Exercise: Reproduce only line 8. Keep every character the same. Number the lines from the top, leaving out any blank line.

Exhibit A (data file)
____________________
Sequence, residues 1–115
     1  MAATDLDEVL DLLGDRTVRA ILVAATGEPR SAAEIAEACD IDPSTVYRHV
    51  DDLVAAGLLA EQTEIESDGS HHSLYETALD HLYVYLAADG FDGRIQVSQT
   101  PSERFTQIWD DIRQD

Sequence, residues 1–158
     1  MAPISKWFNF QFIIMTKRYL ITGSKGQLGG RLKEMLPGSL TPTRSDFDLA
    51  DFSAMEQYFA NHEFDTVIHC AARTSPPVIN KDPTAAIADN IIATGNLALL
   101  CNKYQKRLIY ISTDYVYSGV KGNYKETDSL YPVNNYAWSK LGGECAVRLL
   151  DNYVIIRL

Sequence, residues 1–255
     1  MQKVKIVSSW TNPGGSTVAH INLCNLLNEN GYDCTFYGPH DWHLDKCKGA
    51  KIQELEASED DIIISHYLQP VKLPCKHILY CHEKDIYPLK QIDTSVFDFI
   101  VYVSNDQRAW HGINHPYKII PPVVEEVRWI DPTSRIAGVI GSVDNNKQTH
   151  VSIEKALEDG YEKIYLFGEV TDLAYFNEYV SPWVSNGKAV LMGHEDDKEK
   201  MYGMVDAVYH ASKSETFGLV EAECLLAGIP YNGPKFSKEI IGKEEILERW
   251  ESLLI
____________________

   101  CNKYQKRLIY ISTDYVYSGV KGNYKETDSL YPVNNYAWSK LGGECAVRLL